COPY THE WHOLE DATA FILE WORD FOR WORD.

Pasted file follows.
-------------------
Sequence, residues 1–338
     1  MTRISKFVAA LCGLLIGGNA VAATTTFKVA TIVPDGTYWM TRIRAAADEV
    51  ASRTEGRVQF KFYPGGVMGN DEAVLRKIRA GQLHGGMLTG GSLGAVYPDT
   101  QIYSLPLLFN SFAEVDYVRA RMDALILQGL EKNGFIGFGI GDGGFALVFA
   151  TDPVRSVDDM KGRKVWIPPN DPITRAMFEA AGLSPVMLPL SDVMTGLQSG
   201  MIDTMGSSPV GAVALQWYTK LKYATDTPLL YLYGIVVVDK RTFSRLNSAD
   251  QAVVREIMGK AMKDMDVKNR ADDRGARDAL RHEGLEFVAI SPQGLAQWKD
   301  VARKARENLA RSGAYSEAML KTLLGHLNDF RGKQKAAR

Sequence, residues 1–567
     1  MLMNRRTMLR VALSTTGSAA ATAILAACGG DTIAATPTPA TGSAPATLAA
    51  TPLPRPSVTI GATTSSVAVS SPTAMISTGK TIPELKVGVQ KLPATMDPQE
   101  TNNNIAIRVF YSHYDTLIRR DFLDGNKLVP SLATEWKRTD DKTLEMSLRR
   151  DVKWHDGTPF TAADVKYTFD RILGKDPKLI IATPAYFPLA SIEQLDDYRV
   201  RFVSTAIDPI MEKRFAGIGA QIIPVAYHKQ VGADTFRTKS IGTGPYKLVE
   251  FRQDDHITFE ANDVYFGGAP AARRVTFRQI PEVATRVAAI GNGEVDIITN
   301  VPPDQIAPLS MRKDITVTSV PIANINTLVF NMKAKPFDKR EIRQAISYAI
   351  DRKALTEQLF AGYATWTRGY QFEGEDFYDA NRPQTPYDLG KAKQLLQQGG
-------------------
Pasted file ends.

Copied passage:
Sequence, residues 1–338
     1  MTRISKFVAA LCGLLIGGNA VAATTTFKVA TIVPDGTYWM TRIRAAADEV
    51  ASRTEGRVQF KFYPGGVMGN DEAVLRKIRA GQLHGGMLTG GSLGAVYPDT
   101  QIYSLPLLFN SFAEVDYVRA RMDALILQGL EKNGFIGFGI GDGGFALVFA
   151  TDPVRSVDDM KGRKVWIPPN DPITRAMFEA AGLSPVMLPL SDVMTGLQSG
   201  MIDTMGSSPV GAVALQWYTK LKYATDTPLL YLYGIVVVDK RTFSRLNSAD
   251  QAVVREIMGK AMKDMDVKNR ADDRGARDAL RHEGLEFVAI SPQGLAQWKD
   301  VARKARENLA RSGAYSEAML KTLLGHLNDF RGKQKAAR

Sequence, residues 1–567
     1  MLMNRRTMLR VALSTTGSAA ATAILAACGG DTIAATPTPA TGSAPATLAA
    51  TPLPRPSVTI GATTSSVAVS SPTAMISTGK TIPELKVGVQ KLPATMDPQE
   101  TNNNIAIRVF YSHYDTLIRR DFLDGNKLVP SLATEWKRTD DKTLEMSLRR
   151  DVKWHDGTPF TAADVKYTFD RILGKDPKLI IATPAYFPLA SIEQLDDYRV
   201  RFVSTAIDPI MEKRFAGIGA QIIPVAYHKQ VGADTFRTKS IGTGPYKLVE
   251  FRQDDHITFE ANDVYFGGAP AARRVTFRQI PEVATRVAAI GNGEVDIITN
   301  VPPDQIAPLS MRKDITVTSV PIANINTLVF NMKAKPFDKR EIRQAISYAI
   351  DRKALTEQLF AGYATWTRGY QFEGEDFYDA NRPQTPYDLG KAKQLLQQGG